National Museum of the Royal Navy

Sensitively enriching a building accessible to all

The Project

Storehouse 10 at the historic naval dockyard in Portsmouth was constructed in the mid-eighteenth century, during an upsurge in naval building prompted by events such as the Seven Years War. It was originally used to store everyday supplies for working ships plus some naval items.

During the Second World War, Storehouse 10 was hit by an incendiary bomb, which destroyed the clock tower and most of the roof and upper floors. More extensive damage was prevented due to a strenuous firefighting effort to save the radar sets within, which were to be some of the first installed in Royal Navy ships.

Restoration of Storehouse 10 was gradual and was eventually completed in 1992. It has now been converted to form part of the National Museum for the Royal Navy complex. 


Building Control

Oculus were pleased to have provided the building control services for recent works providing a glazed link to Storehouse 11 and expanding ground floor exhibition space. The project aimed to enrich the visitor experience of the history of the Royal Navy and our maritime past, enhancing the existing building without compromising the historic fabric or setting. The architects, Purcell, retained all the important features of this large, robust listed structure which now comfortably accommodates a superb range of exhibits, displays and interactive experiences. Oculus worked closely with Purcell and Hampshire Fire & Rescue Service to agree solutions to challenging fire safety issues. Modern fire safety features were discretely installed without impacting on the appearance of the historic interior.  Access was also improved to ensure the experience could be enjoyed universally by all visitors.


CASE STUDY
Wessex Water, Bath

The client, Bennetts Associates Architects and Buro Happold Consulting Engineers created the most energy efficient and sustainable building in the country with the highest BREEAM rating at that time for a commercial office building. In environmental terms the project was acclaimed by the Building Research Establishment as the ‘greenest’ commercial building in the UK. It stands as an exemplary example of energy efficiency, low embodied energy, recycling including aggregate for the concrete structure and recycled storm and grey water and enhanced biodiversity.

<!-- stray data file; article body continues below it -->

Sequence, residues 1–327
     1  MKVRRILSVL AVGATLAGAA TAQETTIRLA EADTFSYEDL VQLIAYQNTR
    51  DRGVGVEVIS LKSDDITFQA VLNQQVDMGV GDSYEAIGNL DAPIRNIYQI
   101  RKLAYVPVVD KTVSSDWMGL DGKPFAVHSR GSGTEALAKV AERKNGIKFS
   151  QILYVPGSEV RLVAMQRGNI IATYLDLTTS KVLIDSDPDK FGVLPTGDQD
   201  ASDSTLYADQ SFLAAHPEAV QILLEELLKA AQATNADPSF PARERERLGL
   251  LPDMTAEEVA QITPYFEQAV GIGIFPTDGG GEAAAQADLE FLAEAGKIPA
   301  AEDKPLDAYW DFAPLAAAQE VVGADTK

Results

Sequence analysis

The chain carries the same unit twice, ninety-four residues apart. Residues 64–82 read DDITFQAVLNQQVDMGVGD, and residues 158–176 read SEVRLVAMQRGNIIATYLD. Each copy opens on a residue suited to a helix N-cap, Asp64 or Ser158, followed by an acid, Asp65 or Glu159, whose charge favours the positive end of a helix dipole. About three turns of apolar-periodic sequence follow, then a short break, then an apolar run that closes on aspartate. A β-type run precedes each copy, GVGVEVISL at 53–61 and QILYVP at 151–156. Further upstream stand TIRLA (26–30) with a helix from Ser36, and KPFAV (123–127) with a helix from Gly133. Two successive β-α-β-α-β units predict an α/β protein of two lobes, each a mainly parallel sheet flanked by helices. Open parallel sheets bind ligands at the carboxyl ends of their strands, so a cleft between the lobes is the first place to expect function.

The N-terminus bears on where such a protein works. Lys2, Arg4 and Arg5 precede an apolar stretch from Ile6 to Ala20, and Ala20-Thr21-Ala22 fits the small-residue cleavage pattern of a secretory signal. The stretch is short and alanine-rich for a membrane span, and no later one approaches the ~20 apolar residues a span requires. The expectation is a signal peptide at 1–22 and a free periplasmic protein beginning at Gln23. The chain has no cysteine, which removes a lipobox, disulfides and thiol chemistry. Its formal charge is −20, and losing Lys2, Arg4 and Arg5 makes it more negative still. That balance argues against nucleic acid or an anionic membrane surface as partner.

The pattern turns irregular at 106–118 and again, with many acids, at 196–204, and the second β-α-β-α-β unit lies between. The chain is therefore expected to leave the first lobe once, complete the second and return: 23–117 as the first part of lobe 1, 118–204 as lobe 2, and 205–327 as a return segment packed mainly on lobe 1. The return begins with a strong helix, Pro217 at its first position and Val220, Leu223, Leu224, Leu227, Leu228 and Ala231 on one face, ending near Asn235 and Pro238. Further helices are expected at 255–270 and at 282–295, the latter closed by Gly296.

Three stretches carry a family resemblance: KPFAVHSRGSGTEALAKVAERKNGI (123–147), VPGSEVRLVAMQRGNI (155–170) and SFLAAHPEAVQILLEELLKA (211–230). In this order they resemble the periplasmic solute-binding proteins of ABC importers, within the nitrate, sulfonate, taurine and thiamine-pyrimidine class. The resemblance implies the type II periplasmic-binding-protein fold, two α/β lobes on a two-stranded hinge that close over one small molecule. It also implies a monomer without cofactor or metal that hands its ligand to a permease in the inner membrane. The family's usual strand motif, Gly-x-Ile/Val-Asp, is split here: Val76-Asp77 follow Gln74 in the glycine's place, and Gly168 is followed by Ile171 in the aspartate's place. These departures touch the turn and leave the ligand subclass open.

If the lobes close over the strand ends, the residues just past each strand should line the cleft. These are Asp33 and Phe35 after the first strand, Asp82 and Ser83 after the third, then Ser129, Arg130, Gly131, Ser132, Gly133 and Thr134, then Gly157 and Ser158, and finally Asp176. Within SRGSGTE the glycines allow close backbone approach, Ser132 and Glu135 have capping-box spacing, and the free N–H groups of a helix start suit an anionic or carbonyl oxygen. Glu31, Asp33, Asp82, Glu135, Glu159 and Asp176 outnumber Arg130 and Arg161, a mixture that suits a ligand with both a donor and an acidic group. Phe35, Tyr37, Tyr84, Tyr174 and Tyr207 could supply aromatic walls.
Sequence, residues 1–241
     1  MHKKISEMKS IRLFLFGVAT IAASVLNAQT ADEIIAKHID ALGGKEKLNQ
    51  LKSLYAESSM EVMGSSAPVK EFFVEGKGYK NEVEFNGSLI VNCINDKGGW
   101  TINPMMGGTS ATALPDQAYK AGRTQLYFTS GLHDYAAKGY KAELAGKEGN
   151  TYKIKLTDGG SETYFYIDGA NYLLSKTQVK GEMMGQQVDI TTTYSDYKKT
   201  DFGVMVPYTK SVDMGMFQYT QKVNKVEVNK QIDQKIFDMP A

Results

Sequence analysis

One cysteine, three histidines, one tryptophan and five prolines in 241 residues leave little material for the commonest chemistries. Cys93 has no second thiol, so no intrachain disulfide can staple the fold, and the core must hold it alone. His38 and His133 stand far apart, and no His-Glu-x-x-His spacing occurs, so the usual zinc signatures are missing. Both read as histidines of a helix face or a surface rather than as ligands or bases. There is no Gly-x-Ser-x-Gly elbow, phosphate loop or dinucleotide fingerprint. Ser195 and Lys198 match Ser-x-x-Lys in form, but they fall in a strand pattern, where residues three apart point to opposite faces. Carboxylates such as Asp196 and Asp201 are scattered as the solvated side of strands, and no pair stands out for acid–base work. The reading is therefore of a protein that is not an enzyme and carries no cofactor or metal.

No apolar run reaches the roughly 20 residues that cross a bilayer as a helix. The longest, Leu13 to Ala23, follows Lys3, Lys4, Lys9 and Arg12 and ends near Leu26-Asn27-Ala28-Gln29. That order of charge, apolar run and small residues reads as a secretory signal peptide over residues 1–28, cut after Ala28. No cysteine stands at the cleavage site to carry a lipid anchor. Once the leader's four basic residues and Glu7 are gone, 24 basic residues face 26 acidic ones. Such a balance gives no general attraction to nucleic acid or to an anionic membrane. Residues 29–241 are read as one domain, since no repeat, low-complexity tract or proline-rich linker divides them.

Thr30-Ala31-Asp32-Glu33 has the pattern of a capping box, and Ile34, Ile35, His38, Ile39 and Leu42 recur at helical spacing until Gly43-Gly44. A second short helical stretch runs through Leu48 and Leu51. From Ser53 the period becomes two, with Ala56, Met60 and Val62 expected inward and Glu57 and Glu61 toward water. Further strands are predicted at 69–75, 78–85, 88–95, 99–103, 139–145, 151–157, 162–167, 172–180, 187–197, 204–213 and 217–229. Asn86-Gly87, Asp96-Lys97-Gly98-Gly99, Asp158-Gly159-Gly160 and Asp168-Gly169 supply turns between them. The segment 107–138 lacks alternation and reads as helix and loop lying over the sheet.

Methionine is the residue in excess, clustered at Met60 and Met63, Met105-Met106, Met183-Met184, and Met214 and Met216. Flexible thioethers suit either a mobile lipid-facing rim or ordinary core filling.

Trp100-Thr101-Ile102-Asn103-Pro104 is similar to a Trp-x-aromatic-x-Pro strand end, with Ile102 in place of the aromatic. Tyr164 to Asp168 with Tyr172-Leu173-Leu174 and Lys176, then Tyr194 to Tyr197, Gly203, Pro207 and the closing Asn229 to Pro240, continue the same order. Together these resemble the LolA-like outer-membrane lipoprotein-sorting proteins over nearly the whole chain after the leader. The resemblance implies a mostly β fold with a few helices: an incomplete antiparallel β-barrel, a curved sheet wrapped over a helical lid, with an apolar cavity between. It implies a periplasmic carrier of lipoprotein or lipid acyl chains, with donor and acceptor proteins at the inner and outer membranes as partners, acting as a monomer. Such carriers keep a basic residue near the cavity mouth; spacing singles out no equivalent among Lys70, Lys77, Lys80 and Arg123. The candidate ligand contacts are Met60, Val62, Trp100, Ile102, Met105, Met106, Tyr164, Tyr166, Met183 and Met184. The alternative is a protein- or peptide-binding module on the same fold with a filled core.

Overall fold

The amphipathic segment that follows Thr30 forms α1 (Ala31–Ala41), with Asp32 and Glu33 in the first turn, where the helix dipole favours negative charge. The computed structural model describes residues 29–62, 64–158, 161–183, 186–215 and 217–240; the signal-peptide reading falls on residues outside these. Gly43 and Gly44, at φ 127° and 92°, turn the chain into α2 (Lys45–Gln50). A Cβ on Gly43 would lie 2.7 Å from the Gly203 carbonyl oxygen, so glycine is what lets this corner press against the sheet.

Read More

CASE STUDY
Tyntesfield

Tyntesfield is a spectacular Victorian Gothic Revival house with gardens, parkland and much more.  It had been the house of the Gibbs family for over 150 years. As the house was inherited by each generation of the Gibbs family, they stamped their own identity on the house and estate with different developments. The 14th June 2002 marked a new beginning for the house and estate when the National Trust announced their new acquisition.  The house was in need of extensive renovation and The National Trust set about re-roofing, re-wiring and re-plumbing the main house and generally improving access for visitor experience. 

Read More

CASE STUDY
University of Hertfordshire

  • Refurbishment and alterations of the Hutton Building and Hutton Hall, including multi-storey new-build Hutton-Hub student zone.
  • Refurbishment and extension of Prince Edward Hall.

To the design of Vincent and Gorbing and construction by Contractor Morgan Sindall in association with Stride Treglown as executive architects , the works included an extensive refurbishment of Prince Edward Hall to form a new Learning Zone and Refreshment Space. The end result is a stylish timber lined informal study and meeting area for students adjacent to a new café and seating area. Externally the building has been granite clad.

Read More